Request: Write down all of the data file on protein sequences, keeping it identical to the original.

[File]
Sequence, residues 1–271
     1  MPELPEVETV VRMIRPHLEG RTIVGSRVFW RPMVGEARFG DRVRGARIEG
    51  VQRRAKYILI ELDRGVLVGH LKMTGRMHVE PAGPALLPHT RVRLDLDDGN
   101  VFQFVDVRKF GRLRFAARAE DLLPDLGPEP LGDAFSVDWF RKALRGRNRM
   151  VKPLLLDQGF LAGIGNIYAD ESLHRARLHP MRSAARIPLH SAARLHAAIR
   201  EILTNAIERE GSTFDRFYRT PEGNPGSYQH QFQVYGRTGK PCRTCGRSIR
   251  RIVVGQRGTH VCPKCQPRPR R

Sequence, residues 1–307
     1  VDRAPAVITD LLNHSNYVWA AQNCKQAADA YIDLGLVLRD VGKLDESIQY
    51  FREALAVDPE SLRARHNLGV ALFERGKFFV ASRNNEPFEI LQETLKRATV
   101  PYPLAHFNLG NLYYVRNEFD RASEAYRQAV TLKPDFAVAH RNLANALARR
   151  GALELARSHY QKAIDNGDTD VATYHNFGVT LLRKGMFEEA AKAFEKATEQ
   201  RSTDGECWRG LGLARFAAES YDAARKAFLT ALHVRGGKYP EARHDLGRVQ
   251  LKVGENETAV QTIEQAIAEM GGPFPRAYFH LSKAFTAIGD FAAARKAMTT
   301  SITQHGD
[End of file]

Sequence, residues 1–271
     1  MPELPEVETV VRMIRPHLEG RTIVGSRVFW RPMVGEARFG DRVRGARIEG
    51  VQRRAKYILI ELDRGVLVGH LKMTGRMHVE PAGPALLPHT RVRLDLDDGN
   101  VFQFVDVRKF GRLRFAARAE DLLPDLGPEP LGDAFSVDWF RKALRGRNRM
   151  VKPLLLDQGF LAGIGNIYAD ESLHRARLHP MRSAARIPLH SAARLHAAIR
   201  EILTNAIERE GSTFDRFYRT PEGNPGSYQH QFQVYGRTGK PCRTCGRSIR
   251  RIVVGQRGTH VCPKCQPRPR R

Sequence, residues 1–307
     1  VDRAPAVITD LLNHSNYVWA AQNCKQAADA YIDLGLVLRD VGKLDESIQY
    51  FREALAVDPE SLRARHNLGV ALFERGKFFV ASRNNEPFEI LQETLKRATV
   101  PYPLAHFNLG NLYYVRNEFD RASEAYRQAV TLKPDFAVAH RNLANALARR
   151  GALELARSHY QKAIDNGDTD VATYHNFGVT LLRKGMFEEA AKAFEKATEQ
   201  RSTDGECWRG LGLARFAAES YDAARKAFLT ALHVRGGKYP EARHDLGRVQ
   251  LKVGENETAV QTIEQAIAEM GGPFPRAYFH LSKAFTAIGD FAAARKAMTT
   301  SITQHGD